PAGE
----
My initial denial will seem disingenuous in light of the fact that I knew the symptoms of dementia even then—and recognized them in myself. Also, my mother had a form of mental disconnect that made her increasingly out of touch with reality until her death at 82. Given that, together with the generally known fact that dementia can run in families, why did my doctor’s utterance fall so disconsonantly on my ear?


The Prey
Hans Hofmann

The Studio
Me, Marcus and Bruno
Björn Larsson

Björn Larsson interview
by Rachel Reese


RR Do you think the camera is primarily a truth-telling device? Is there a way to utilize the objective nature of the medium, specifically while working within an ideology or predetermined set of conditions, to propose a fiction or non-reality?

BL Well, it’s a tool for realism. And what was regarded as truth yesterday might be a lie today, and vice versa. The camera is definitely a tool for knowledge and study. To say cameras are true is as strange as saying they are false. However, I think that the world of nature photography has not yet been scrutinized in the same way as other, more controversial, fields of photography. I don’t know why. My theory is that most people think of nature as innocent. And talking about this innocence is also innocent. As you can imagine, I disagree. I think talking about nature is very fundamental to all aspects of life, existence, and politics. What is natural is a very hot potato. Looking at beautiful images of wildlife, flowers, and ants—what can be wrong with this?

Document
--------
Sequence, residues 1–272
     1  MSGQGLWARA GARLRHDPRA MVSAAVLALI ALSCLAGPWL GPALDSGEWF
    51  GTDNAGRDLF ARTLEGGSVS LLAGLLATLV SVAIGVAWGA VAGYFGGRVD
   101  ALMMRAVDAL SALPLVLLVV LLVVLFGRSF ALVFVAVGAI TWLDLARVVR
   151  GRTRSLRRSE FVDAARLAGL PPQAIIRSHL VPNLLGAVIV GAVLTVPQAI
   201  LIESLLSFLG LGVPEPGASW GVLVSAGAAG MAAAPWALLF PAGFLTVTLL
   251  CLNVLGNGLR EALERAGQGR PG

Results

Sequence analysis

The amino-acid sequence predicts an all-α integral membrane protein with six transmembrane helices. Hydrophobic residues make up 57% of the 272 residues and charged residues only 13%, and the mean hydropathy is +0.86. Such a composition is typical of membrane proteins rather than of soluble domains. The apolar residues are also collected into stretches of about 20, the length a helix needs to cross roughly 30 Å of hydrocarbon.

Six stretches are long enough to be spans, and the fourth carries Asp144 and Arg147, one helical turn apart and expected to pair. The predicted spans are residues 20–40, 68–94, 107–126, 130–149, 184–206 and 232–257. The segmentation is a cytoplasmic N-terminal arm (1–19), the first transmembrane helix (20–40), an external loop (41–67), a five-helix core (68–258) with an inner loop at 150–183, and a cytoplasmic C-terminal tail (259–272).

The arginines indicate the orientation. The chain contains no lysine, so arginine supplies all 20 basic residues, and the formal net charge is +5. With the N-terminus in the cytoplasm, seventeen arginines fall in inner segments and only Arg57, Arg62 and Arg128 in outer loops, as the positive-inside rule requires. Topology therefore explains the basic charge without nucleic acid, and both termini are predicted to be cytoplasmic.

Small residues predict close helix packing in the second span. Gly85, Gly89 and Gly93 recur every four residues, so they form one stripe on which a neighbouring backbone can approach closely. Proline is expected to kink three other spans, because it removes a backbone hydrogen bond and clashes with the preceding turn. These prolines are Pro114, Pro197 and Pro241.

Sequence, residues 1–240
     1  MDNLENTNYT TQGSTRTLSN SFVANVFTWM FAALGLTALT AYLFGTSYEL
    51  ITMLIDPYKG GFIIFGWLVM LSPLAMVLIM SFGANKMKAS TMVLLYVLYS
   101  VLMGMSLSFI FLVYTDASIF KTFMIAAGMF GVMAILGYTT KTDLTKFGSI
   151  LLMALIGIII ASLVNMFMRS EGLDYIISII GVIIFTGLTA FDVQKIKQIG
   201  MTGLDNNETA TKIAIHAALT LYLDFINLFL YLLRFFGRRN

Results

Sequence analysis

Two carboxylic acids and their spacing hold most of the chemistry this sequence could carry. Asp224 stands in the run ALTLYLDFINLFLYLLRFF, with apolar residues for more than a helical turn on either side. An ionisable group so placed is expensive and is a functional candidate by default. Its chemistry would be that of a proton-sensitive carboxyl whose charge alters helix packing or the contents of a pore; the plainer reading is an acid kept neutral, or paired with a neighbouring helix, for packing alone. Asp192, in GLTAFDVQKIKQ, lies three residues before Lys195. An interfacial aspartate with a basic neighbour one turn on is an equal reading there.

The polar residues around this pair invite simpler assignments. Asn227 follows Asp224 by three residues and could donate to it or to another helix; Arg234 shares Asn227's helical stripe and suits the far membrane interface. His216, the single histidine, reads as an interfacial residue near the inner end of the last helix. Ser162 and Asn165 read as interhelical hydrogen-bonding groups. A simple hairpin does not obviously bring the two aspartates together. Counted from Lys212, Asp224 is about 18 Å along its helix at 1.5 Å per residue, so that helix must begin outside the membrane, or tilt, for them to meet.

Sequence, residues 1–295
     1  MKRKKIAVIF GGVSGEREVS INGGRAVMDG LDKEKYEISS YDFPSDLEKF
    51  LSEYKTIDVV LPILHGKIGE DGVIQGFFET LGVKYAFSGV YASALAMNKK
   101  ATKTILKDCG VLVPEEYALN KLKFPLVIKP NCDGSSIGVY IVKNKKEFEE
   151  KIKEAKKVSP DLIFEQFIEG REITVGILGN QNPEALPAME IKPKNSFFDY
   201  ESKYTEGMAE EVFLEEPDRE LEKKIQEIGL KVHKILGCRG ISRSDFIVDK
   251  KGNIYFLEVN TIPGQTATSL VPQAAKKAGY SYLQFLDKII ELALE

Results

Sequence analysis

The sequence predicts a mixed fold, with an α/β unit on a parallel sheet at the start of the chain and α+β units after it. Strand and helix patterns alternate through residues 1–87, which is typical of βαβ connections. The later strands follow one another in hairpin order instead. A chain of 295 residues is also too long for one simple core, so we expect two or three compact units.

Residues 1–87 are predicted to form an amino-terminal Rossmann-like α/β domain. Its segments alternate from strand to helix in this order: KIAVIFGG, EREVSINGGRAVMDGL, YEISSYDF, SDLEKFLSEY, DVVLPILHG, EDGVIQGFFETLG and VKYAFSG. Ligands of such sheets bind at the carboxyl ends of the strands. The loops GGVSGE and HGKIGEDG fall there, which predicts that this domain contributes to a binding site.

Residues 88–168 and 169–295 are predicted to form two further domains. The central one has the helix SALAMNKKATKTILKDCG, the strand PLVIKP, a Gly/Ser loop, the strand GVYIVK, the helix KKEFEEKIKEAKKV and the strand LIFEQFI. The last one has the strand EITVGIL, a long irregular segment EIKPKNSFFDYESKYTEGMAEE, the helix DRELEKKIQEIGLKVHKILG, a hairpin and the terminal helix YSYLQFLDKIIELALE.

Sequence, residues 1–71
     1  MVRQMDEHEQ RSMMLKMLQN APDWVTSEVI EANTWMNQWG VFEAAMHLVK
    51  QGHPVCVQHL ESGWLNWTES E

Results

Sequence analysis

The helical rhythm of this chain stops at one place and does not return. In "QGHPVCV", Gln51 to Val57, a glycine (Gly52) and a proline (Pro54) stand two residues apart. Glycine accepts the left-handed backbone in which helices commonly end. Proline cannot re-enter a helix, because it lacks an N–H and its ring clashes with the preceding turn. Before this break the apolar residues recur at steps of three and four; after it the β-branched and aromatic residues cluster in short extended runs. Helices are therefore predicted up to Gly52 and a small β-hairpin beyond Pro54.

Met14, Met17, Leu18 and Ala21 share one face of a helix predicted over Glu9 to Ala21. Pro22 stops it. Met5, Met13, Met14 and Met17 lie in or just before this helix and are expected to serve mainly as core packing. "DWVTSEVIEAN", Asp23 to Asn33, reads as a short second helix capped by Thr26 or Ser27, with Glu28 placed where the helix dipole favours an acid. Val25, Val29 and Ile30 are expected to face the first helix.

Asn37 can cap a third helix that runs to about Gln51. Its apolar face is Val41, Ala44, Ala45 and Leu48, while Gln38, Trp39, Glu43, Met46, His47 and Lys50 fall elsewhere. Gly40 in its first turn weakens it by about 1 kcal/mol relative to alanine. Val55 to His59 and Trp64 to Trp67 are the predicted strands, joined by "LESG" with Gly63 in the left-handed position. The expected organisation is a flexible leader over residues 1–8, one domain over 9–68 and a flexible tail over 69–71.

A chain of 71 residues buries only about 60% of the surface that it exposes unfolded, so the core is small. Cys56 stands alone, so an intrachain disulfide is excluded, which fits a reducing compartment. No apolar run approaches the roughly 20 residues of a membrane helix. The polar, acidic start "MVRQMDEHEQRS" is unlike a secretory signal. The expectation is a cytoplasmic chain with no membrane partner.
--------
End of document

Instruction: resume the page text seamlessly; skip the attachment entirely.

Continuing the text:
BL I wanted to make a portrait of this place or site. The site is a burned down national park and all that it implies about representation of nation and conservatism. To think of a forest in terms of a museum, to preserve it for the future, is an exciting contradiction. When the forest disappeared and the rescue operation caught the whole nation’s interest with large media coverage, I knew it was interesting. This was in the summer of 1999. In my portrait, I followed two lines: one was a photographic documentation of continuous walks in the park over ten years using the same equipment, and the other, collecting documents from institutions, organizations, and the media—those somehow involved in the fire. Together they form two different narratives about the place, one dramatic and the other slow. Since I was not present at the actual event—the fire, police investigation, rescue, media, and aftermath—I want to recall a historic event where nature was not the perpetrator, but the victim. I wanted to mirror Sweden through this event, a country willing to mobilize everything to save a forest.